When the European Union declares its intention to solidify control over the economies in the federation by establishing one treasury paired with one central bank, it sounds eerily familiar to what we Americans have done. Increasing banking centralization commenced our period of intentional decline, and simultaneous economic enslavement. When a country self-finances its own debt, it effectively cannibalizes itself. When a country outsources debt, it is offering itself up for dinner.
Meanwhile, elsewhere on the sprawling Eurasian landmass, the Russian nomenklatura are seeking to consolidate a new Eurasian dictatorship. Whether or not the Russians’ sheer enormous volume of petro-resources will be enough to accomplish that goal, through its intricate spiderweb of oil and gas pipelines, is a matter of debate. More significantly, the Chinese are quietly building up a mighty economic base financed by American consumption. It stands poised to overtake the U.S. as the world economic leader.
Debt and energy dependency are becoming the ultimate means of colonization. No need for red rivers of blood to conquer a nation; plenty of black gold and red ink will do.
The signature role of the United States in the world nowadays, when it’s not taking out undesirable regimes, has been to bail out socialist economies, like The Fed has been doing secretly. We have become the drafters of the Western world’s suicide pact.
By extension, the several states of America are being colonized by the nation’s capital. Washington has become its own kind of empire, conquering the states through fiat and debt more thoroughly than any foreign power could with weaponry.
The new imperialism is thus not one of sailing ships and mercantilist policies, nationalistic invasion followed by forced tribute, but one of the seductive appeal of easy debt, which erodes self-reliance and leads to socialist policies and foreign-financed debt. All of Western civilization is crippling itself by embracing an ideology rejected by the Asian upstarts and thought to be dead.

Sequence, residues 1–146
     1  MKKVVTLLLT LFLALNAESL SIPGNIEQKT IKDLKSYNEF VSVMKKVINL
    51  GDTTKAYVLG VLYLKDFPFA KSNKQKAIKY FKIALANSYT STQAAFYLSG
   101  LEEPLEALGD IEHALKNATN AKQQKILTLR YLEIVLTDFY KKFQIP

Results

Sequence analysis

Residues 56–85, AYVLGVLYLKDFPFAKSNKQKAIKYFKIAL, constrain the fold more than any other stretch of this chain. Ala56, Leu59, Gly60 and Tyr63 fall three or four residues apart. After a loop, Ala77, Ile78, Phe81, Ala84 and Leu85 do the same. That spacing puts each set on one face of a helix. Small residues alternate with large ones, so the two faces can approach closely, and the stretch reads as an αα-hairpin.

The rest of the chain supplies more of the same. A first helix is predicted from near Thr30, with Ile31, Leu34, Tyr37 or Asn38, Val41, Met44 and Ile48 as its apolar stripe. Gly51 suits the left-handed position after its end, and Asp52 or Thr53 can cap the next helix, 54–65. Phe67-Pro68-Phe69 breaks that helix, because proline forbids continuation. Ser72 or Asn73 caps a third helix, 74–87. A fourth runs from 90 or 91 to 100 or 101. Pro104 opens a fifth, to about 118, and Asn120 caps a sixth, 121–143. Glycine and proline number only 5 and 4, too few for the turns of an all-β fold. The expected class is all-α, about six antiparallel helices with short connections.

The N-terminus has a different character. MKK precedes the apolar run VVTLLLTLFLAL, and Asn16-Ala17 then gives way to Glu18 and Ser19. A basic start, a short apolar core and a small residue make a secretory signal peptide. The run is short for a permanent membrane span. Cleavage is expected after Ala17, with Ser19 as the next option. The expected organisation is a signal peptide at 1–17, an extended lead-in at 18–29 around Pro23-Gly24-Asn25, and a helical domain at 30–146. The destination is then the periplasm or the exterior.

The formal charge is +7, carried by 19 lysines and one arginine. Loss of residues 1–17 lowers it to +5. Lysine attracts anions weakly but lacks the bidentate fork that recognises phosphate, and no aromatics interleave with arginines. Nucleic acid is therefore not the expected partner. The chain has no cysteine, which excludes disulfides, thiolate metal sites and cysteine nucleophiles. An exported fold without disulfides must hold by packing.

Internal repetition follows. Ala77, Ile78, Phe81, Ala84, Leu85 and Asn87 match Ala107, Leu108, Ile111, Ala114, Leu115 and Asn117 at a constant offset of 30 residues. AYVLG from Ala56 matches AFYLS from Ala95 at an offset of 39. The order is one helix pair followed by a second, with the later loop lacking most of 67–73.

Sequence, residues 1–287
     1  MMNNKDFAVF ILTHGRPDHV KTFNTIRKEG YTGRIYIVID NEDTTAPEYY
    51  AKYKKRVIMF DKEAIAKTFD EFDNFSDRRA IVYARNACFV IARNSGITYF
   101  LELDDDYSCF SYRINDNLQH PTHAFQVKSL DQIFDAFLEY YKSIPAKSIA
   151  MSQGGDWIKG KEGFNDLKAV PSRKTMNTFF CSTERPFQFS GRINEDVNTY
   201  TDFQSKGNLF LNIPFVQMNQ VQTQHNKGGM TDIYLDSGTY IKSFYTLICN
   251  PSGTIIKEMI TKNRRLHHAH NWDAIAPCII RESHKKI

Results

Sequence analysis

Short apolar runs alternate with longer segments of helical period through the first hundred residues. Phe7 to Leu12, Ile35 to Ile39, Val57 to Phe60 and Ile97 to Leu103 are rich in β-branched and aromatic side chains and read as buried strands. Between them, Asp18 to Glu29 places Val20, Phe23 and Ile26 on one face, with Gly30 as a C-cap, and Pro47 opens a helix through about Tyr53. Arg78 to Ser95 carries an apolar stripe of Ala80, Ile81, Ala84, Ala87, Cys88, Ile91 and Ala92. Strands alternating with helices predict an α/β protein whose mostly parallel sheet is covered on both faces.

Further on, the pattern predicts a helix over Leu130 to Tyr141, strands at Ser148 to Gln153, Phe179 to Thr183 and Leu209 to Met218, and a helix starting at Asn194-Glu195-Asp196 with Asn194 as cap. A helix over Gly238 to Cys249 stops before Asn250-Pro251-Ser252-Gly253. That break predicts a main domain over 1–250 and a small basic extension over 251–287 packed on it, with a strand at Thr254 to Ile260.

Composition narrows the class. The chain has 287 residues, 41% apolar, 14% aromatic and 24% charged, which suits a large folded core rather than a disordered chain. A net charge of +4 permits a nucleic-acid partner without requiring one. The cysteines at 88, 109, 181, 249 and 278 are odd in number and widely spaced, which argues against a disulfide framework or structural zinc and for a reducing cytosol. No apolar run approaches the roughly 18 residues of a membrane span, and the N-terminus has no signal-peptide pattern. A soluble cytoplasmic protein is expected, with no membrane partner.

The Worst Countries in the World in Terms of Debt-to-GDP
|Rank||Country||% of GDP
||Date||% of GDP (IMF) ||Date||Region|
|22||United Kingdom||79.9||2010 est.||75.50||2010||Europe|
|18||Sri Lanka||81.9||2010 est.||78.2||2010||Asia|
|23||Nicaragua||78.0||2010 est.||80.34||2010||North America|
|20||Belize||80.0||2010 est.||81.36||2010||North America|
|15||Canada||84.0b||2010 est.||83.95||2010||North America|
|32||United States||62.3a||2010 est.||94.36||2010||North America|
|3||Saint Kitts and Nevis||185.0||2009 est.||155.79||2010||Caribbean|
On the other hand, Russia and China are using capitalism to develop, right as the West is adopting socialism and declining. It is a great reversal, and one that should have us all thinking of the wisdom of our present course.
A more ingenious or efficient form of imperialism cannot be imagined than one a people are persuaded to inflict on themselves. Americans are being lured into debt by its government, which in turn has become gravely indebted to others. This chain of debt is a new form of imperialism that threatens to hang us all together. Whether the enemies of the West choose to pull the lever or join us on the scaffolding is the real question. But I wouldn’t count on it. The relative rise of the rest has its appeal, and they are all too willing to learn and exploit our self-inflicted mistakes.
Cui bono? Who benefits?
Western elites are not overly concerned about absolute decline, in terms of GDP or living standards, because they see themselves as presiding over a future political order they will exert more influence over and extract benefit more from. Thus, if China and other countries are able to extract resources from their citizens, it is of no great concern to them. But they are making a risky bet. When the well has been sucked dry, and the West is unable or unwilling to pay back its creditors, war looms on the horizon. The newly risen powers will take what the elites believe rightfully belongs to them, or else will inflict the sufficient amount of pain to force the debtors to pay up.